Theresa May rallies business houses to support her draft Brexit deal

May’s deal focusses on a key issue, the immigration system, which was a significant factor in the Brexit referendum.

Facing dissenters from within her own party, British Prime Minister Theresa May has scrambled to win support from business leaders for her contentious draft Brexit plan.

Ever since May unveiled her draft, the last few days have been tumultuous for her with several ministers, including her Brexit minister, sending their resignations and members from her own parliament moving to oust her.

Vowing to continue the fight, May has warned that toppling her risks delaying Britain’s exit from the EU. The EU is set to hold a summit to discuss the draft Brexit deal on November 25.

“We now have an intense week of negotiations ahead of us in the run-up to the special European Council on Sunday,” reads an extract from May’s speech which she delivered to the CBI business lobby group’s annual conference on Monday. Her speech states, Britain will embark on an intense week of “Brexit negotiations to try to thrash out the details of its outline future relationship with the EU”.

“During that time I expect us to hammer out the full and final details of the framework that will underpin our future relationship and I am confident that we can strike a deal at the council that I can take back to the House of Commons,” reads an extract of May’s speech.

Although two years have gone by following the Uk’s historic referendum to leave the EU, it has yet to come to terms as to when and how it will be leaving the bloc on March 29, 2019. Businesses across the UK face an uncertain future if the UK were to leave the EU without a deal in place.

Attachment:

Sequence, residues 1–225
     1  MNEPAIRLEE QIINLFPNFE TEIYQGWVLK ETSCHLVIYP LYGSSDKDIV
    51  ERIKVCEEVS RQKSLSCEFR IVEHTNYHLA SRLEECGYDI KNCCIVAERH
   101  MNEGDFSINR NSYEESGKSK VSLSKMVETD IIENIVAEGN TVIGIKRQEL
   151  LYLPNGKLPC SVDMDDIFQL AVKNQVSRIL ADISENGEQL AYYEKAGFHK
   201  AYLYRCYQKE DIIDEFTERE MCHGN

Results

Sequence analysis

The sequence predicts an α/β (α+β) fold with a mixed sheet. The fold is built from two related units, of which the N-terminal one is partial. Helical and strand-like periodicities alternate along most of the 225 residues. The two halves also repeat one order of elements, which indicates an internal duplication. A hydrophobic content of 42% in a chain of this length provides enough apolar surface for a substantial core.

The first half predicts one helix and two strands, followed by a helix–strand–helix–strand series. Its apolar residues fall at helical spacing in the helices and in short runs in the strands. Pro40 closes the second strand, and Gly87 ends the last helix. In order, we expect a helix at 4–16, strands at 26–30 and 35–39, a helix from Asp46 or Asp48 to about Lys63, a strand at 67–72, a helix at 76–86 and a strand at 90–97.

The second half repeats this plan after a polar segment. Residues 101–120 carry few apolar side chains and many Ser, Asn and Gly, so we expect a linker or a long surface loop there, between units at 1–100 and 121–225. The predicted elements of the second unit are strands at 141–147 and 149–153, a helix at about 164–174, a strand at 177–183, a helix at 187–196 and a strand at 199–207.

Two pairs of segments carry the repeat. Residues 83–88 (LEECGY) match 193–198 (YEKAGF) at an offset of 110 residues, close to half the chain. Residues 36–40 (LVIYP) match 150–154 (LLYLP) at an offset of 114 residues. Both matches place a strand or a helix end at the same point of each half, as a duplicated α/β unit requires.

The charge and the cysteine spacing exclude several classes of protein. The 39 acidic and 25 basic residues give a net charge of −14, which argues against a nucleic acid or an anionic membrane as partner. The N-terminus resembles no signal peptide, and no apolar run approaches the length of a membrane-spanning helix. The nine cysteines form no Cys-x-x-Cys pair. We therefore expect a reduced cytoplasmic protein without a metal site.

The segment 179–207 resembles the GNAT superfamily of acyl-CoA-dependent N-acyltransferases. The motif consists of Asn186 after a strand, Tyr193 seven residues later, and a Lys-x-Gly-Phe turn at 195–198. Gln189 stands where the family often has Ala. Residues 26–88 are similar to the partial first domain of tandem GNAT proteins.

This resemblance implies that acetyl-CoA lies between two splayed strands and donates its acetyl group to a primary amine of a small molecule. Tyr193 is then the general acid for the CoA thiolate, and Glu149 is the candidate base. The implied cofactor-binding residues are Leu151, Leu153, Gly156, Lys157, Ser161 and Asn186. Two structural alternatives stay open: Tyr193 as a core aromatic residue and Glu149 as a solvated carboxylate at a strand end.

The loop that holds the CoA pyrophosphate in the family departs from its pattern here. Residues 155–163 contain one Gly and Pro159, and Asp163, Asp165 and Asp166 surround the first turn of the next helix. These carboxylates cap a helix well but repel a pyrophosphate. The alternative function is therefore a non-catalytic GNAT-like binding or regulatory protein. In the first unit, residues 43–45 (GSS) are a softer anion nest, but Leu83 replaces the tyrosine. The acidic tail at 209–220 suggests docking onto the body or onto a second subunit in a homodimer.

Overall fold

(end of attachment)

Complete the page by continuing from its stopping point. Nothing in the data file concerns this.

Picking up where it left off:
Pro-Brexit lawmakers from within her own Conservative party believe that the draft deal will Britain in indefinite subjugation to the EU and are attempting to trigger a no-confidence vote in the parliament.

However, to trigger such as vote, they need 48 such votes following which the lawmakers must submit a letter to the chairman of the Conservative party’s 1922 committee; on Sunday, Graham Brady said, the rebel lawmakers have yet to garner 48 votes.

As per a report from the Sun newspaper, the rebels are short of six votes.

“This is absolutely the day at which we stand at the bar of history on this,” said Simon Clarke to BBC radio, adding “this day must be the point at which … action is taken”.

The DUP

The very survival of May’s government hinges on the DUP – a small Northern Irish party whose support is critical to the survival of May’s minority government. The DUP has threatened to pull out its support if Northern Ireland is treated differently from the Republic of Ireland.

“If we continue with this plan we are simply not going to have a government because the clear threat it poses to the integrity of the union is something which our colleagues the DUP will simply put up with,” said Clarke. “It is quite clear to me that the captain is driving the ship at the rocks.”

May’s government is also facing volleys from the opposition. As per Labour leader Jeremy Corbyn, the draft deal is “a botched, worst-of-all-worlds deal which is bad for Britain, leaving the country in an indefinite halfway house without a real say”.

He has made it lucidly clear that his party will not support May’s deal when it sails through parliament. He has said, Labour’s plan for Brexit will include a new comprehensive and permanent customs union, and a “strong single market relationship”.

“The government is trying to force a bad deal that doesn’t meet our country’s needs by threatening us all with the chaos and serious damage to our economy of a no deal outcome,” said Corbyn. “The Prime Minister knows that no deal isn’t a real option. Neither the cabinet nor parliament would endorse such an extreme and dangerous course.”

According to May, the draft deal allows Britain to control immigration – an issue that was a key point in the historic referendum.

“It will no longer be the case that EU nationals, regardless of the skills or experience they have to offer, can jump the queue ahead of engineers from Sydney or software developers from Delhi,” said May.

She went on to add, “We want an immigration system for the future that everyone can have confidence in. Yes, a system that works for business. One that allows us to attract the brightest and the best from around the world, more streamlined application and entry processes.”

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